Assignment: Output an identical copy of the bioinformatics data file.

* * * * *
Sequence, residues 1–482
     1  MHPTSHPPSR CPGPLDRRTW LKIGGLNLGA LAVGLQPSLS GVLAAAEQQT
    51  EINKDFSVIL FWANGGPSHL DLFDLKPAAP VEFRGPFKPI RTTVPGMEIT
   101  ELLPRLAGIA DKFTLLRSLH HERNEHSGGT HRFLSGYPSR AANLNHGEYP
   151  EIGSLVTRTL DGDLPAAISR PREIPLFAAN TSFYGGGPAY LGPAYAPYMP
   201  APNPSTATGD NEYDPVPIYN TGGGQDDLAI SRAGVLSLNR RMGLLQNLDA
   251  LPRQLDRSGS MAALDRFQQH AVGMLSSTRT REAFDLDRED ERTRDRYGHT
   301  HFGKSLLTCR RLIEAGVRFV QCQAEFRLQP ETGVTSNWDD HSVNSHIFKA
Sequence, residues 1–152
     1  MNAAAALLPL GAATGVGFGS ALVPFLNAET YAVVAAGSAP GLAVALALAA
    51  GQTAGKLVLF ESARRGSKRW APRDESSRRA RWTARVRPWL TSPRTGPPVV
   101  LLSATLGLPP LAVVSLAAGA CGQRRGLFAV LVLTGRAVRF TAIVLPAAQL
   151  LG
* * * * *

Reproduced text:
Sequence, residues 1–482
     1  MHPTSHPPSR CPGPLDRRTW LKIGGLNLGA LAVGLQPSLS GVLAAAEQQT
    51  EINKDFSVIL FWANGGPSHL DLFDLKPAAP VEFRGPFKPI RTTVPGMEIT
   101  ELLPRLAGIA DKFTLLRSLH HERNEHSGGT HRFLSGYPSR AANLNHGEYP
   151  EIGSLVTRTL DGDLPAAISR PREIPLFAAN TSFYGGGPAY LGPAYAPYMP
   201  APNPSTATGD NEYDPVPIYN TGGGQDDLAI SRAGVLSLNR RMGLLQNLDA
   251  LPRQLDRSGS MAALDRFQQH AVGMLSSTRT REAFDLDRED ERTRDRYGHT
   301  HFGKSLLTCR RLIEAGVRFV QCQAEFRLQP ETGVTSNWDD HSVNSHIFKA
Sequence, residues 1–152
     1  MNAAAALLPL GAATGVGFGS ALVPFLNAET YAVVAAGSAP GLAVALALAA
    51  GQTAGKLVLF ESARRGSKRW APRDESSRRA RWTARVRPWL TSPRTGPPVV
   101  LLSATLGLPP LAVVSLAAGA CGQRRGLFAV LVLTGRAVRF TAIVLPAAQL
   151  LG